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Stone Circles can be found in Hong Kong, as the area is rich in Neolithic and Bronze Age artifacts.[1]

Stone circles
Traditional Chinese分流石圓環
Fau Lau Stone Circle


Lo Ah Tsai Stone CircleEdit

Lo Ah Tsai Stone Circle was discovered in the northern part of Lamma Island by K M A Barnett, District Commissioner of the New Territories in 1956. Twenty eight large stones, lying buried in the earth on a slope 100 metres (330 ft) above sea level, form two overlapping stones circles.[2]

This stone circle was investigated by the Hong Kong University Archaeological Team in 1959, 1963 and 1982 respectively.[3]

Fan Lau Stone Circle (分流石圓環)Edit

Another stone circle was discovered at Fan Lau, on Lantau Island in 1980. (22°11′50″N 113°50′50″E / 22.1973°N 113.8473°E / 22.1973; 113.8473) It lies 40 metres (130 ft) above sea level.[2] This stone circle is a Declared monument in Hong Kong. The use of the stone circle is unknown, it was possibly used for rituals, or possibly not. It is assumed that it is a megalithic structure created during the late Neolithic (i.e. New Stone Age) and early Bronze Age.[1]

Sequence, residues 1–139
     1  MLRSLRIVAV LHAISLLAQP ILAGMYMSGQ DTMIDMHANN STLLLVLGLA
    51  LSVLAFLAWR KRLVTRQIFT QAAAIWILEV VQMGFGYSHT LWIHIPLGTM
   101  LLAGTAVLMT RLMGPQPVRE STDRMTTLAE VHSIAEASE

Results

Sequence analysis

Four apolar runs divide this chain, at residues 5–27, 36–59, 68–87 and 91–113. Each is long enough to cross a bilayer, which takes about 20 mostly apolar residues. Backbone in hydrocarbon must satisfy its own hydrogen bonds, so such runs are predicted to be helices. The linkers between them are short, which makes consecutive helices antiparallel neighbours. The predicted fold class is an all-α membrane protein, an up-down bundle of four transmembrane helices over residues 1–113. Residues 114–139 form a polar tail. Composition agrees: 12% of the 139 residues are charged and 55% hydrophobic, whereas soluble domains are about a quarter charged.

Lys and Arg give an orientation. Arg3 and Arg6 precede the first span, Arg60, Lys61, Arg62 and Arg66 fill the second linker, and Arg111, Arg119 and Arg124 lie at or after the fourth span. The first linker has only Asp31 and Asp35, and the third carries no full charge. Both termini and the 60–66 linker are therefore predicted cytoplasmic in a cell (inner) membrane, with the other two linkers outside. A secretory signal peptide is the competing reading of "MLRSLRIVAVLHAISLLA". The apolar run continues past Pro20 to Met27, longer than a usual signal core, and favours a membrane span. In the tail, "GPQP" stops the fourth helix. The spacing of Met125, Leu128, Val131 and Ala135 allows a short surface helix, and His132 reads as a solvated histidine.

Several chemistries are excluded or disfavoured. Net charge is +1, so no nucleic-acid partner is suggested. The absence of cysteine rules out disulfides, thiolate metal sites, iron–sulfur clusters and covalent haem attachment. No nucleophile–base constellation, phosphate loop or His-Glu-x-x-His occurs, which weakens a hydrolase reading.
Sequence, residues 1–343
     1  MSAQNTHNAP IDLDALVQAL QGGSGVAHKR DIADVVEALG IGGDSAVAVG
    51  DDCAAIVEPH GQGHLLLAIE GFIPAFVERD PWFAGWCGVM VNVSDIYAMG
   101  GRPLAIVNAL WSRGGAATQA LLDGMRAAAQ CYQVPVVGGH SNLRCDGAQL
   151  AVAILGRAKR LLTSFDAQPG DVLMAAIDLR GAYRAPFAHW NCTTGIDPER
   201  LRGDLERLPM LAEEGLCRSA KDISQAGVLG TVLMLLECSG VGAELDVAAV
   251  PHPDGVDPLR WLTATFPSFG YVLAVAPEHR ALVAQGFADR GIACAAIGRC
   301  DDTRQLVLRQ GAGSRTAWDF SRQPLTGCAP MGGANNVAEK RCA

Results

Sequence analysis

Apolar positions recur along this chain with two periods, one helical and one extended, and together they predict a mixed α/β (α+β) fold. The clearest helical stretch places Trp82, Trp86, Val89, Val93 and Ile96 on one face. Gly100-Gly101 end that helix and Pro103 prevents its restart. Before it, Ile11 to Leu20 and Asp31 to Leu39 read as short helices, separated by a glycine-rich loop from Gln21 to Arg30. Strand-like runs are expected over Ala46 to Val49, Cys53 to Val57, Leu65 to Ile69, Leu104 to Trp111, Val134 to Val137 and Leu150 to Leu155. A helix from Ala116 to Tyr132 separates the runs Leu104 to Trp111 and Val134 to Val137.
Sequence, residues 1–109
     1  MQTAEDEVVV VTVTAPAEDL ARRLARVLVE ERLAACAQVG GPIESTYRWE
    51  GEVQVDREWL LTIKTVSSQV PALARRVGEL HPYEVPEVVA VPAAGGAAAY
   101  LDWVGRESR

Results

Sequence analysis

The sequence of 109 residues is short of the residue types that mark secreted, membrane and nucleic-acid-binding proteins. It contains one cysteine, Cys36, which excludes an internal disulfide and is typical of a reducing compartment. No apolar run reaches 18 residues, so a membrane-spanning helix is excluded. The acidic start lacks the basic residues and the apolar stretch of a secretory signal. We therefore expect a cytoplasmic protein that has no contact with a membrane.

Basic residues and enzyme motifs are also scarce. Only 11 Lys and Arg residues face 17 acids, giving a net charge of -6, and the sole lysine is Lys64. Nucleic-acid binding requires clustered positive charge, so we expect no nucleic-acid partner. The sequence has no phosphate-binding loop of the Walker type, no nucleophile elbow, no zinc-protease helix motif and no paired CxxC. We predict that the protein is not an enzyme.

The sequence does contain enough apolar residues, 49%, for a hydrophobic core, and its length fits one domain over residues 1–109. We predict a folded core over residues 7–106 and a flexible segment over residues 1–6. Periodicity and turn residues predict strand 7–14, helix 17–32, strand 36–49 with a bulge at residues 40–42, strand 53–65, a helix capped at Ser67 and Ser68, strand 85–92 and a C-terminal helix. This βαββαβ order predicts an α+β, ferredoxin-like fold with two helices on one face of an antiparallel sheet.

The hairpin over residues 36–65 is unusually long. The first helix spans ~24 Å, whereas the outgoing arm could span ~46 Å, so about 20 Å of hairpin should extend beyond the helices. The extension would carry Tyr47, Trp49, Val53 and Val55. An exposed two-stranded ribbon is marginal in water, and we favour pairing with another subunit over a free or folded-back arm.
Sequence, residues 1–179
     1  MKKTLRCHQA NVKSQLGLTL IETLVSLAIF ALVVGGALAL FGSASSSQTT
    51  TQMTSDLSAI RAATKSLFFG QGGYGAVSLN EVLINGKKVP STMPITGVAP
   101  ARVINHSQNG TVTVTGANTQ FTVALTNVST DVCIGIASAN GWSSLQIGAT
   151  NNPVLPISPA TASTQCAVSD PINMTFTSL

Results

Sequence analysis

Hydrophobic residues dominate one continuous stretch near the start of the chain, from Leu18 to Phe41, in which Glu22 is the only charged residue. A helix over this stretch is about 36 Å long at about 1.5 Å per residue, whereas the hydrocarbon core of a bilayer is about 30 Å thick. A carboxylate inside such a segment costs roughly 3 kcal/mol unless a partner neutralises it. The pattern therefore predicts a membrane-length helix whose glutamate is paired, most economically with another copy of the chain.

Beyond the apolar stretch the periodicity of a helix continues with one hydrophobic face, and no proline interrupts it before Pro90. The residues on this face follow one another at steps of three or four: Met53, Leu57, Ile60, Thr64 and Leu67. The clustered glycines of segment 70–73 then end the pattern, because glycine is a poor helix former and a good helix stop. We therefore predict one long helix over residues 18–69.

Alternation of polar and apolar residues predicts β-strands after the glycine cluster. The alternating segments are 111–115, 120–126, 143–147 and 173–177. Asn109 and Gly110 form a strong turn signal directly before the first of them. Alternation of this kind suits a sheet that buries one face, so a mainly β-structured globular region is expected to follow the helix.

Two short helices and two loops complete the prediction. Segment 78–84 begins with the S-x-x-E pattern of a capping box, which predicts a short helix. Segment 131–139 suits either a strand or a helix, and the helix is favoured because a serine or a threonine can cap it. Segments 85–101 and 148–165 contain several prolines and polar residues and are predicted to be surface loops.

See alsoEdit


  1. ^ a b Stone Circle (Fan Lau, Lantau Island)
  2. ^ a b Sally Rodwell. 1991. A Visitor's Guide to Historic Hong Kong.
  3. ^ The Geographical Information System on Hong Kong Heritage